New Study Finds That Staying Friends With Your Ex Is Highly Achievable
How many times have you heard someone say, “We are just friends with benefits?” If you aren’t familiar this term, let me enlighten you. Basically, it means that you and your buddy are friends, but also “help” each other out no strings attached. You are free to do as you like and so is he. Everything is going great until one of you meet someone else. Enter the catchphrase, “Can’t we still be friends?” Whether you were the dumper or were dumped, guaranteed you have heard this sentence at least once in your life.
Sadly, it’s as unavoidable as paying taxes. If you happened to be the receiving end, surely you thought there was no way on earth you ever want to see them again, let alone be friends. You probably answered yes because you wanted things to end things amicably. While you both attend social events of mutual friends, and always give a polite wave in their direction, the ugly truth is that remaining friends after a breakup is difficult or is it?
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A research study published in The Archives of $exual Behavior was conducted to determine whether people could remain friends once their “benefits” ended. Out of the 308 participants interviewed, 50 percent said that they were still best buds afterward without ill feelings towards each other. Over 32 percent of people polled said they were able to maintain their friendships, but from a distance, whereas 19 percent said they weren’t able to salvage the friendship.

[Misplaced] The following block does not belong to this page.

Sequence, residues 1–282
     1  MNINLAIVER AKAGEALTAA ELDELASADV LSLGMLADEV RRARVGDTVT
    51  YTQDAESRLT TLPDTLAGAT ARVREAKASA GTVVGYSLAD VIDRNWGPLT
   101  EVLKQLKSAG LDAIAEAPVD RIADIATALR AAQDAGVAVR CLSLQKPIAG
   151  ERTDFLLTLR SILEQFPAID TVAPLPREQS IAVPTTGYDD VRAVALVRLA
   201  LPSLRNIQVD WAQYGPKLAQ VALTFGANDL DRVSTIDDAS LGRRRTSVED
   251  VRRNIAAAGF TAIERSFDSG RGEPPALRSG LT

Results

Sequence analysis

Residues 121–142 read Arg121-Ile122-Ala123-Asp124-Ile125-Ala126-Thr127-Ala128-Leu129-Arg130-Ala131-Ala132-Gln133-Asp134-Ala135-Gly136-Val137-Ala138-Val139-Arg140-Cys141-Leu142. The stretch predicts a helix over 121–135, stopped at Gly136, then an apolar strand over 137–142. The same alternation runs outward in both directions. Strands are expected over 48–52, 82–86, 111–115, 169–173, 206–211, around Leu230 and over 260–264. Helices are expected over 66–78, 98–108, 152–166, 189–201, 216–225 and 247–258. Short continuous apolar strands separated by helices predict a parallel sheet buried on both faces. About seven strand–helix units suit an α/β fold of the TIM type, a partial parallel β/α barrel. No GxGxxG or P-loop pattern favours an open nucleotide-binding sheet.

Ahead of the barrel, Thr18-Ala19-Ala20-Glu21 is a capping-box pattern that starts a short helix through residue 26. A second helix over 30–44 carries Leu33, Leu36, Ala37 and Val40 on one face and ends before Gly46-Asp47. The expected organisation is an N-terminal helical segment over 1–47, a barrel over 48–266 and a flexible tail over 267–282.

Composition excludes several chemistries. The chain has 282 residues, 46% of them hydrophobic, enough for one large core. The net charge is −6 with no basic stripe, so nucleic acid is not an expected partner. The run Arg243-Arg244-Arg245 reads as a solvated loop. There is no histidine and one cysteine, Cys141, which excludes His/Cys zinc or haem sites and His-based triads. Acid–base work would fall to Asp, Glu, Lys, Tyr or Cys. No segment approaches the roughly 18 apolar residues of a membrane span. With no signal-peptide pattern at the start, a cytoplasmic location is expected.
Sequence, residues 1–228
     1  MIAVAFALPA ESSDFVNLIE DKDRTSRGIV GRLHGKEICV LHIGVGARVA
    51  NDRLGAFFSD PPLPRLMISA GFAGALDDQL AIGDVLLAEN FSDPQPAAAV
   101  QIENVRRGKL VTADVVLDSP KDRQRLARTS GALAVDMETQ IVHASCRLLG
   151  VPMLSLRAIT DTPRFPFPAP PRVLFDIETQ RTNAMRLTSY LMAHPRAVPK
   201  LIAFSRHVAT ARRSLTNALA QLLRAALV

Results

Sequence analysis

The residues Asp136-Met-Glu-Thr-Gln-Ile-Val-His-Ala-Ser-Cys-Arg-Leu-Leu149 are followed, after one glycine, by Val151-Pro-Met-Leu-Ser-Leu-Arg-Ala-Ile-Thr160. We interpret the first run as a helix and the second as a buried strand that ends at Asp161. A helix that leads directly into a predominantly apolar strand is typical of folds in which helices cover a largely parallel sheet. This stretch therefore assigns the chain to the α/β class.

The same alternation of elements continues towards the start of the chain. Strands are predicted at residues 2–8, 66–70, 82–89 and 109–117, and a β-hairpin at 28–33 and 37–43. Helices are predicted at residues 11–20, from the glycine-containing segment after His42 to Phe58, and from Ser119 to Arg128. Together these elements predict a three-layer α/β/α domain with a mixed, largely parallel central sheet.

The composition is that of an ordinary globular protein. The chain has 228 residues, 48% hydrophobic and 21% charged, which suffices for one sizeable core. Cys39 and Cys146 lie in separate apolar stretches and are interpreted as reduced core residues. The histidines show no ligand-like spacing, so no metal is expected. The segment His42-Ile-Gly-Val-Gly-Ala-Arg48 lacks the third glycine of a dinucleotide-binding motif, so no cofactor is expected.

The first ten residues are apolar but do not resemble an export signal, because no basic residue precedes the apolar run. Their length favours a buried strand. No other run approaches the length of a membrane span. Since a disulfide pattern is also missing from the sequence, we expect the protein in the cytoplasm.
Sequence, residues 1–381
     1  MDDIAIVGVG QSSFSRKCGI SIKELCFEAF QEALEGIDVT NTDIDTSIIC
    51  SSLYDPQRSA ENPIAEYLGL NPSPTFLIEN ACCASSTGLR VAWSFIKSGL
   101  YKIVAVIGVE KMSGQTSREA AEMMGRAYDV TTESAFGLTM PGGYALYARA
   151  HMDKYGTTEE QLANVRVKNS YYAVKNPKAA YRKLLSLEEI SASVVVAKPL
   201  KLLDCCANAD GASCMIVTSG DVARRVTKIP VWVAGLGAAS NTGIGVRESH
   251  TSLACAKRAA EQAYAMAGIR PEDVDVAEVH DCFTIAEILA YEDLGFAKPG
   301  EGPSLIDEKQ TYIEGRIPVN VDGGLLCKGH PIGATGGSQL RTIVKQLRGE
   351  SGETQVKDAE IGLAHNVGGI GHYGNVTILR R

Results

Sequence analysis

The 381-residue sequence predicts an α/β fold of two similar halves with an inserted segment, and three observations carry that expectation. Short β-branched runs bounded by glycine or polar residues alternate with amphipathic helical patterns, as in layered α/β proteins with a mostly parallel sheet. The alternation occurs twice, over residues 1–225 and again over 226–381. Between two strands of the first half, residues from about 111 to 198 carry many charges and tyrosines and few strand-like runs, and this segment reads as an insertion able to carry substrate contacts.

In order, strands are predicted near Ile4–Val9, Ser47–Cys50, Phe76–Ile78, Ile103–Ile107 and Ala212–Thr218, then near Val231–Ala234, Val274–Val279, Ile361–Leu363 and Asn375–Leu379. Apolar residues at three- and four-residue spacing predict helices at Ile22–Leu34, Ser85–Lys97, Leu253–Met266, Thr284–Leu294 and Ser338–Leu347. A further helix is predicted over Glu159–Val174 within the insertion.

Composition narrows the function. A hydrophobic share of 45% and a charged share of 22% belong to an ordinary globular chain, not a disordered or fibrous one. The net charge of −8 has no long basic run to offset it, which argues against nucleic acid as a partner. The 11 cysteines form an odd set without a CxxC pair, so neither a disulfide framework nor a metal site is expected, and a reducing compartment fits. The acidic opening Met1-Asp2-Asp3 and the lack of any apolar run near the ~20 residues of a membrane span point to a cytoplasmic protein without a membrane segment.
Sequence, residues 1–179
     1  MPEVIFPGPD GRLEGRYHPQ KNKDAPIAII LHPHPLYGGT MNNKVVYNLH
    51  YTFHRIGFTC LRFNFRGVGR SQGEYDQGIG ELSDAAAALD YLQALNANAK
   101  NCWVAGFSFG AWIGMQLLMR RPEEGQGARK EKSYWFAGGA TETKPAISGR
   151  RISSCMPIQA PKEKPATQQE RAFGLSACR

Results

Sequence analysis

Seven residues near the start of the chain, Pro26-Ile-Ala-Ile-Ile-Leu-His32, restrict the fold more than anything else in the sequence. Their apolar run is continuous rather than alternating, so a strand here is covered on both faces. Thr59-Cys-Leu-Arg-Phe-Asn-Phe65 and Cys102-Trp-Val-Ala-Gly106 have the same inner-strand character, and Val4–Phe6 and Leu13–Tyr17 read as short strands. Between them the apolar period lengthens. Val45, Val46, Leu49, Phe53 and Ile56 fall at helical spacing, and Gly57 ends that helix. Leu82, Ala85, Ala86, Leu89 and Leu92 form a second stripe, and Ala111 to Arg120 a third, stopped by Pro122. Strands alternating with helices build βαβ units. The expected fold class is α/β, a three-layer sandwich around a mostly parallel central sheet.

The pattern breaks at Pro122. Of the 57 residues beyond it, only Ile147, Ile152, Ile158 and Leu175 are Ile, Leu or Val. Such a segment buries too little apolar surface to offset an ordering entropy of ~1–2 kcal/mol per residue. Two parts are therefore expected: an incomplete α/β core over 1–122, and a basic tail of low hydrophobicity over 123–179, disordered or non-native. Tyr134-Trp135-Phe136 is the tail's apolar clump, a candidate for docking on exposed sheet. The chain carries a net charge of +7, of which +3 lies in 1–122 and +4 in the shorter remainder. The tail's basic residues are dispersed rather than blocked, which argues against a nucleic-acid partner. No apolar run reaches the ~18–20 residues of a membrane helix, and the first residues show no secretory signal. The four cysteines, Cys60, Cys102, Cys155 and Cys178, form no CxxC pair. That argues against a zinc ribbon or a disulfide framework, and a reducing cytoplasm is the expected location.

Participants who weren’t able to maintain their friendships after their “benefits” came to an end reported feeling isolated, lonely and downright sad. They also reported feeling betrayed. On the other hand, those who were able to continue their friendships evidently had love based on friendship and not vice versa. While researchers aren’t advising you to begin a “FWB” relationship, they are pointing out that if the relationship was truly built on friendship, it is possible to remain friends even if there are no extras.
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With that said, if you are hoping that your friends-with-benefits guy or girl will become your significant other, the odds aren’t in your favor. If you are okay with a part-time “boyfriend or girlfriend” and have no other expectations, then feel free to do as you please. What’s most important is open communication from the beginning to ensure neither party ends up with a broken heart.